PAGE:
Ralph Waldo Emerson Quotes

The silence that accepts merit as the most natural thing in the world is the highest applause.
Ralph Waldo Emerson (1803-1882), U.S. essayist, poet, philosopher. Address, July 15, 1838, Divinity College, Harvard University, Massachusetts. "Divinity School Address," published in Addresses and Lectures (1849).
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All I know is reception; I am and I have: but I do not get, and when I fancied I had gotten anything, I found I did not.
Ralph Waldo Emerson (1803-1882), U.S. essayist, poet, philosopher. "Experience," Essays, Second Series (1844).
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But every jet of chaos which threatens to exterminate us is convertible by intellect into wholesome force. Fate is unpenetrated causes.
Ralph Waldo Emerson (1803-1882), U.S. essayist, poet, philosopher. "Fate," The Conduct of Life (1860).
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The world is young: the former great men call to us affectionately. We too must write Bibles, to unite again the heavens and the earthly world.
Ralph Waldo Emerson (1803-1882), U.S. essayist, poet, philosopher. "Goethe; or, the Writer," Representative Men (1850).
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We see God face to face every hour, and know the savor of Nature.
Ralph Waldo Emerson (1803-1882), U.S. essayist, poet, philosopher. "Illusions," The Conduct of Life (1860).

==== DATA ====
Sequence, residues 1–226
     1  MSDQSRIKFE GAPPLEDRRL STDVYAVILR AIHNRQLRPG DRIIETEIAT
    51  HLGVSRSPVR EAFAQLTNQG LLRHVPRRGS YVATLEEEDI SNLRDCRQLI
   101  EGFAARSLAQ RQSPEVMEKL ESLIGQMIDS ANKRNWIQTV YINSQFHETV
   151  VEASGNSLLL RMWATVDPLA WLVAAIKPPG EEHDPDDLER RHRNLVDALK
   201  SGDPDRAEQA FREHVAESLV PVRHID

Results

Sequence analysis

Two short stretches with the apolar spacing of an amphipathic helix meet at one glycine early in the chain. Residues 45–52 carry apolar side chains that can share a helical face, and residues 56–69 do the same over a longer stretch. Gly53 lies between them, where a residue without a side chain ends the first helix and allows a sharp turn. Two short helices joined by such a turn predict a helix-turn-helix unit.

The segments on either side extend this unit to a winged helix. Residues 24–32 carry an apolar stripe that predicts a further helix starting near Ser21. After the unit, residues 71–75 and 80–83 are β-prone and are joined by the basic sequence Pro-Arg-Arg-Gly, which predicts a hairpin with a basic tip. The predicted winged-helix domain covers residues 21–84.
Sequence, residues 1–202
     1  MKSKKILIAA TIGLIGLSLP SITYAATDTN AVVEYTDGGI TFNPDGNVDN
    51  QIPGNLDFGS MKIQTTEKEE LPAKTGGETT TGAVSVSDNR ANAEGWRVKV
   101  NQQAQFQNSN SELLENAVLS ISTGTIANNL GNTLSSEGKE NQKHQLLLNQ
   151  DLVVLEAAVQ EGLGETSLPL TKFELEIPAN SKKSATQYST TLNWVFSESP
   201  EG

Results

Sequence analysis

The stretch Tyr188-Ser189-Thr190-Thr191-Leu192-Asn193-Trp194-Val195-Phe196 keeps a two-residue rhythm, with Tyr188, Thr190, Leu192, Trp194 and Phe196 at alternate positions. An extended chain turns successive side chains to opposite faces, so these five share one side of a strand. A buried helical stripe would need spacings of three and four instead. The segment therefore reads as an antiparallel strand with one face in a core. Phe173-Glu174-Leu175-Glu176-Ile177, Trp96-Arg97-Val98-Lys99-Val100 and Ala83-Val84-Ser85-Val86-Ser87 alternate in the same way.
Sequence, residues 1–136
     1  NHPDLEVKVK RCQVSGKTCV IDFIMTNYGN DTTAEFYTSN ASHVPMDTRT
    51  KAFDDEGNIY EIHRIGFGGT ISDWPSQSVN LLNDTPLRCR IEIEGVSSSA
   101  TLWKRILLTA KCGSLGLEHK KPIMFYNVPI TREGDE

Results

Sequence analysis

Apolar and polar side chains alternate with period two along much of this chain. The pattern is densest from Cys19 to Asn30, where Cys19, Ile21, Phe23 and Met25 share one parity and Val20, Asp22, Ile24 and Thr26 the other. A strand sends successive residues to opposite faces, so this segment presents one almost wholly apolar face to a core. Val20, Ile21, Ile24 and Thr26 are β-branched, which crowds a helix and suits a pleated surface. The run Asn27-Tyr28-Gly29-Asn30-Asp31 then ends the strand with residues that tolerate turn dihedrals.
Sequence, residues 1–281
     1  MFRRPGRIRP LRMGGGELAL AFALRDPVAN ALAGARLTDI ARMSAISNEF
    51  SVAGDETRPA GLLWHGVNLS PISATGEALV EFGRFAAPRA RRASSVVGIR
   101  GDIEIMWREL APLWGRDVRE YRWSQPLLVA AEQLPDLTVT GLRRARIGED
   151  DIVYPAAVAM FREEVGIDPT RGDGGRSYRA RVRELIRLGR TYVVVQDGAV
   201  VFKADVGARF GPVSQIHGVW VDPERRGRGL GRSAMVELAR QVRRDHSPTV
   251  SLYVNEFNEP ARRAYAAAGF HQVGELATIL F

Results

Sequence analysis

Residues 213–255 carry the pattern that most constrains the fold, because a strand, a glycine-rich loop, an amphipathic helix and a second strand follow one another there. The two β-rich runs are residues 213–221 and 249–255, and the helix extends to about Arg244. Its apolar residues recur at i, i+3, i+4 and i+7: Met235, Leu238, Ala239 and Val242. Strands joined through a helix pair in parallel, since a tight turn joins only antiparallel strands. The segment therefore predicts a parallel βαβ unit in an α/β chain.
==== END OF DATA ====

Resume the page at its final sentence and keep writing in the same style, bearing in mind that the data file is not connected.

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The lover never sees personal resemblances in his mistress to her kindred or to others. His friends find in her a likeness to her mother, or her sisters, or to persons not of her blood. The lover sees no resemblance except to summer evenings and diamond mornings, to rainbows and the song of birds.
Ralph Waldo Emerson (1803-1882), U.S. essayist, poet, philosopher. "Love," Essays, First Series (1841, repr. 1847).
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Great believers are always reckoned infidels, impracticable, fantastic, atheistic, and really men of no account. The spiritualist finds himself driven to express his faith by a series of skepticisms.
Ralph Waldo Emerson (1803-1882), U.S. essayist, poet, philosopher. "Montaigne; or, the Skeptic," Representative Men (1850).
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Self-kindled every atom glows, And hints the future which it owes.
Ralph Waldo Emerson (1803-1882), U.S. essayist, poet, philosopher. "Nature," Essays, Second Series (1844).
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Nature will not be Buddhist: she resents generalizing, and insults the philosopher in every moment with a million fresh particulars.
Ralph Waldo Emerson (1803-1882), U.S. essayist, poet, philosopher. "Nominalist and Realist," Essays, Second Series (1844).
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Society always consists, in greatest part, of young and foolish persons. The old, who have seen through the hypocrisy of the courts and statesmen, die, and leave no wisdom to their sons. They believe their own newspaper, as their fathers did at their age.
Ralph Waldo Emerson (1803-1882), U.S. essayist, poet, philosopher. "Politics," Essays, Second Series (1844).
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